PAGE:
The next morning at dawn the group reassembled at the church. Trask and Magda arrived first, soon followed by Brother Michael, Bottoni and two townsmen, Blanke and Gruber. Trask shared the information he had learned the previous day in the marketplace. Blanke and Gruber wanted to delay the expedition for a few days. They felt sure they could persuade more of the townsmen to join them, but Brother Michael pointed out that the moon was waxing and would be full in a few days. At that time the werewolves would be at their most powerful. It was imperative, he said that the monsters be found and destroyed soon. Bottoni and Trask agreed, and so it was the group departed Eppstein for the forest that morning. Each man had a musket and a long hunting knife except Brother Michael whose religious vows would not allow weapons. He carried a stout club which he cheerfully insisted was a walking stick. He had also provided Trask and Bottoni with silver bullets and a clump wolfsbane each. Given the short distance they had to travel it seemed reasonable that they would be able to take care of the business and return to town by nightfall.
The stream leading into the forest was located without difficulty, but the forest itself gave even a hardened campaigner like Trask pause. It was dark and brooding and very old. He had a strong feeling that, somehow, the land itself didn't want him here. Bottoni had already started walking toward the forest so Trask shook off such foolish notions and fell in with him. Within ten minutes of entering the woods it was almost as if the sunlit meadow they had stood in so recently didn't exist. They were in an alien world lit only by what little sunlight filtered through the trees. They followed the stream that would lead them to the mayors lair until it branched into two. Knowing not what to do they chose to follow the right hand branch and pressed on. After an hour of of following the twists and turns of the stream over very rough ground the group was feeling lost. Blanke, standing apart from the others and smoking his pipe called back to the group "There is a cabin over there!".
The group prepared their weapons and then advanced cautiously on the cabin. It was small and neat with a well thatched roof, and looked completely out of place in this grim landscape. To one side stood what looked like a small beekeeping and honey processing operation. "Careful lads, anything goes" said Trask. He advanced and pounded on the door while the others covered him. The door opened and the captain was completely taken aback. There stood a young lady with a most striking mane of golden curls. Trask could think of nothing to say but "What are you doing here?"
"Why, I live here." She replied.
Recovering somewhat from his suprise, Trask asked "Where are your parents".
"Oh, they're back in town. I live here with a family of three bears."
Trask wasn't sure if the girl was mocking him or if she was mad. Anything could happen in a place like this. Uncertainly he asked "What would bears want with a young girl like you?"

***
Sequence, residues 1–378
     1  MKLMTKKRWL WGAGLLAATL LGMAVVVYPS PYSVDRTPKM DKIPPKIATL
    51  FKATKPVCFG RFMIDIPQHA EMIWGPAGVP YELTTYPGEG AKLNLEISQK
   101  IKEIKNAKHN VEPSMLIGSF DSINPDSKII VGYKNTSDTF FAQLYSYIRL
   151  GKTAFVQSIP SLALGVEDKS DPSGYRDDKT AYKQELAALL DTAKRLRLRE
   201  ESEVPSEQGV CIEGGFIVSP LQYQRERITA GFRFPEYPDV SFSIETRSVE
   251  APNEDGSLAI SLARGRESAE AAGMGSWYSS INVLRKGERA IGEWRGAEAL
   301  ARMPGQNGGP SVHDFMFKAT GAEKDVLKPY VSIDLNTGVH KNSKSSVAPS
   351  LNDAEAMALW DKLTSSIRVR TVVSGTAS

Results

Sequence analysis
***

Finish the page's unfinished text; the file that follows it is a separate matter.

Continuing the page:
She smiled sweetly and said "I help them to gather and process the honey."
"Can't they do that for themselves?" he said, not believing he was still talking to her.
She held up her hands, shrugged and said "Bears have no thumbs".
Sensing it was time to move on, Trask ventured a last question "Have you heard of any brigands living in this forest?" "Or werewolves?" said Brother Michael.
"There are no such thing as werewolves, silly" said the young girl as Trask bid her a hasty good day and backed away from the door.
It was too late in the day to return to the fork in the stream so the group pressed on deeper into the forest. As they walked into a glade they noted the sun was going down. Gruber started whistling "Anything Goes", a popular tune of the day. Trask turned on him and hissed "Stop that!" between clenched teeth. Just then Brother Michael scanning a dense grove of trees ahead said "There! There 's the beast!" Blanke leveled his musket, fired and missed. The werewolf, for such it was, sprang from cover and ran straight at Brother Michael. Gruber fired his musket and struck the beast full in the chest. It stumbled and rolled on the ground but sprang up as quickly as it had fallen and lunged at Gruber.
Brother Michael was blocking Bottoni's line of fire so the little Italian drew his long knife and waded into the melee. An unearthly howl was heard from the woods beyond the glade answered by another from the woods behind them. There was no time to lose, so Trask and Blank drew their knives and attacked while Brother Michael looked for an opportunity to strike with his club. The men struck the monster repeatedly to no effect while Gruber died under it's fangs and claws.
Bottoni fighting heroically and with great skill lasted but a few moments longer. Brother Michael, a saintly man but no warrior, gasped for breath as he flailed away at the monsters to no effect. They cornered him and as he prepared to meet his end yet another werewolf bounded out of the woods and finished him.
Having heard nothing from Trask for months, the Elector sent a man to the district to check on his progress. During his search the man rode through the countryside near the great forest. The farms in that area were abandoned and there was no commerce on the roads. He stayed a night in the town of Eppstein at an inn called the Slaughtered Ox. It was a dismal place, and noone there had heard of the man Trask.
Note: Mike and I played this game using a new (to us) set of rules for Gothic Horror called Chaos in Carpathia. Mike was the werewolves and I was .....lunch. Fifty odd years of watching monster movies should have helped me understand that attacking a werewolf with a hunting knife was not a recipe for success. Still, lots of fun and I suspect there will be similar adventures from time to time in this troubled corner of Holstein.